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Not Like Us
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by Chris Parry

"About as scary as when your kid sister says 'ooga booga'..."
2 stars

A low budget ‘aliens among us’ film that left this reviewer squeamish on more than one occasion, Not Like Us is not like most low budget alien flicks. For one, it’s pretty funny. Beyond that, it’s light on the sci-fi, heavy on the ‘ugh’ factor and very aware that its core audience wants torture, sex and goofy laughs, not explosions and gunfights. In fact, Not Like Us doesn’t feature a single car chase, nor does it endure one gunfight, instead relying on characters that are too slow and/or stupid to fight back and alien beings that are too strong to be bothered by these mere mortals. Now that I think about it, this could well have been the slowest moving ‘wacky alien comedy’ I’ve ever seen. But that’s not necessarily a terrible thing.

The town of Tranquility is not unlike any small town in the USA. The permanent population amuse themselves by being gossipy hicks and the transient population amuses themselves by laughing at the permanents and never the twain shall meet. There’s one bar, two lawmen and anyone who doesn’t visit the church on Sunday is deemed a suspicious character. There’s certainly an uncomfortable balance in the community, but at least it’s a balance – that is until two new people, a brother (Morgan Englund) and sister (Rainer Grant), come to town. A little too good looking and sophisticated for the locals, when the sister starts screwing every man in sight (hooray!), she’s scowled at by the local ladies.

But what the local ladies don’t realize is that sister dearest is injecting the local lads with a drug that knocks them out, then taking them back home where brother dearest is performing experimental plastic surgery on them – adding breasts, maybe an extra nose or two, occasionally going so far as de-bone them and use the skin as their own. See, these aren’t people we’re talking about, brother and sister are some kind of disgusting alien beings that are seeking to learn more about plastic surgery so they can make themselves look beautiful. Or at least less repulsive. And being as they’re smarter and stronger than humans, that puts us in the same place on the ‘animal testing’ scale as monkeys are in ours.

And that’s where Not Like Us is at its smartest, when it’s making a valid point. What makes it so repulsive for aliens to perform pointless experiments on us in the interests of perfecting a plastic surgery procedure, while we perform the exact same experiments on animal species of our own?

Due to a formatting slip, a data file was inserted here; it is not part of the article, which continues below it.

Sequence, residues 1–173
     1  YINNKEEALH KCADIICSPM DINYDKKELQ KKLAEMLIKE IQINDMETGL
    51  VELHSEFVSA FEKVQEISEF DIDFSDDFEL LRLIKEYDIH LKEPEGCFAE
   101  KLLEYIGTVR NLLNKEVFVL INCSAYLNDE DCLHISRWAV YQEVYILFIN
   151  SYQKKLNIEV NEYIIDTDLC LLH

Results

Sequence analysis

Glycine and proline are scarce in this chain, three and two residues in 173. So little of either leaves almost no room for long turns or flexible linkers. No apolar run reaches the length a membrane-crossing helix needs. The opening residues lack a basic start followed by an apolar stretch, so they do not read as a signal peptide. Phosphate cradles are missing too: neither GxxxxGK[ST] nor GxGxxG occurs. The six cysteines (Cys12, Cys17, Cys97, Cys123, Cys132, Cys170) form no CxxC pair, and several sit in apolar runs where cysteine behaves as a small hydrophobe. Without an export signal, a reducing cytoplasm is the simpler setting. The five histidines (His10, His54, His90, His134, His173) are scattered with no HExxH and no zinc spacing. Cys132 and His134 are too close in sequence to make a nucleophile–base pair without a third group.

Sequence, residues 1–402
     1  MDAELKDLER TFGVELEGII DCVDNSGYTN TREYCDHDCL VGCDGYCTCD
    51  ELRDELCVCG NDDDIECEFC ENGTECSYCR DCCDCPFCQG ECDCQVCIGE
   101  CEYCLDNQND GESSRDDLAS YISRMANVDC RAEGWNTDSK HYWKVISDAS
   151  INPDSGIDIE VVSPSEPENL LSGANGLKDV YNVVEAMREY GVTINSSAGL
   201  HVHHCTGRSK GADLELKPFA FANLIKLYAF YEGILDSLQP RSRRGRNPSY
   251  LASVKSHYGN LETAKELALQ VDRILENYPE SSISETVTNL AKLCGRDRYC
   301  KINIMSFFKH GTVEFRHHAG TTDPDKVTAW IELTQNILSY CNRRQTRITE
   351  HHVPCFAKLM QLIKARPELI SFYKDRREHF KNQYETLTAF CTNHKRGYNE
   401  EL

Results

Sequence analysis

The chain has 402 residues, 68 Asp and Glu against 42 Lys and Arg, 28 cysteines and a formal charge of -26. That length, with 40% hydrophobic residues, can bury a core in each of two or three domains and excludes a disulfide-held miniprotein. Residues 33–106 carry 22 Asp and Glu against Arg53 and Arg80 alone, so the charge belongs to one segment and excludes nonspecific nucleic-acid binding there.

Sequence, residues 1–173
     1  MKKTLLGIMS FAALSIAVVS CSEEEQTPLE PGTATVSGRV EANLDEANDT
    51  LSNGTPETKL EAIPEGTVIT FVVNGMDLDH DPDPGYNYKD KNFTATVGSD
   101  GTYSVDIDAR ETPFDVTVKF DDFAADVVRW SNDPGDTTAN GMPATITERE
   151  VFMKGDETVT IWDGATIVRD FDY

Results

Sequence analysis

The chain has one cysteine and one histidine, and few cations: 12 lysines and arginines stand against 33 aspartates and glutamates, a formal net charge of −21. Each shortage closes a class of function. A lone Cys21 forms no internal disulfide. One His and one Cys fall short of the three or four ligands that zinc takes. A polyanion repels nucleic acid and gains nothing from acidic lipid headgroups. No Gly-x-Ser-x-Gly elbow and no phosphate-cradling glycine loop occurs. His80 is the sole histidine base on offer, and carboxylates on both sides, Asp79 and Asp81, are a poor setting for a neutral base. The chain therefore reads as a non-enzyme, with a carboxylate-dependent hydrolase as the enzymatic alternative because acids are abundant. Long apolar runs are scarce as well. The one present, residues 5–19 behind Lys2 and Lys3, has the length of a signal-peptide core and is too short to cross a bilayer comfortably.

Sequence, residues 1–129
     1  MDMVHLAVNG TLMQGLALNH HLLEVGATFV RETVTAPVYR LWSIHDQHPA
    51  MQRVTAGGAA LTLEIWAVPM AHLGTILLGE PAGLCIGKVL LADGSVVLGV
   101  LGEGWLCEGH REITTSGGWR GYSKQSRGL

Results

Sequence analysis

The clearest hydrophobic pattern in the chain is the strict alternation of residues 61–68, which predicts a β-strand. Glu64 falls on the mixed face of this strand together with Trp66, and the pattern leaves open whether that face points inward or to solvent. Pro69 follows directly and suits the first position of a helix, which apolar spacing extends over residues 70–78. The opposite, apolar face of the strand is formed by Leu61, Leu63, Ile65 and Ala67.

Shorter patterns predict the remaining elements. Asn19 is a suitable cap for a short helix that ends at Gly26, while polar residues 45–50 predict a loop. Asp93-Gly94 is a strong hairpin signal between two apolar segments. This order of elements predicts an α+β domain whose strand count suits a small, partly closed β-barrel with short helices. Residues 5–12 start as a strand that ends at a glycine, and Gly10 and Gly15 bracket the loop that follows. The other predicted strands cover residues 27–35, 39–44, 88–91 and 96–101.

But where Not Like Us comes unstuck is… well, almost everywhere else. The storyline drifts from ridiculous to beyond the pale, the acting drifts from the competent (Peter Onorati is like a fish out of water in this bunch) to the awful (Joanna Pacula is in way over her head trying to perform comedy) and the screenwriters wouldn’t know realistic dialogue if it was yelled at them by Lawrence Olivier. A Clint Howard cameo is good for a momentary grin, but not much more.

It’s not great, groundbreaking stuff, but there’s something unsettling about the way this film plays out. It’s not that the film is particularly gory – it’s not PG-13, but there’s no brains splattering the screen either. Perhaps the fact that the violence against the city folk is slower, more deliberate and more realistic than most that makes it stomach turning. If someone explodes a head on my screen, it’s just an exploding head. But if someone peels the skin of a woman’s leg while she’s half-sedated, letting her feel the pain but not be able to scream about it, that gets me down deep in the guts.

But that’s how it goes with Roger Corman flicks, and this Corman-backed New Horizons release is right up his alley in terms of schlock, laughs and cheapness. If flicks like The Dentist don’t send you running to the can, perhaps you’ll find something to really enjoy about Not Like Us. But if you’re amongst the 97% of the human population that find torture flicks a little tough to take, you might want to give this a wide berth.

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originally posted: 12/04/02 13:39:14
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  02-Feb-1995 (R)


  02-Feb-1995 (MA)

Directed by
  David Payne

Written by
  Mike Elliott

  Joanna Pacula
  Peter Onorati
  Rainer Grant
  Morgan Englund
  Billy Burnette
  Clint Howard

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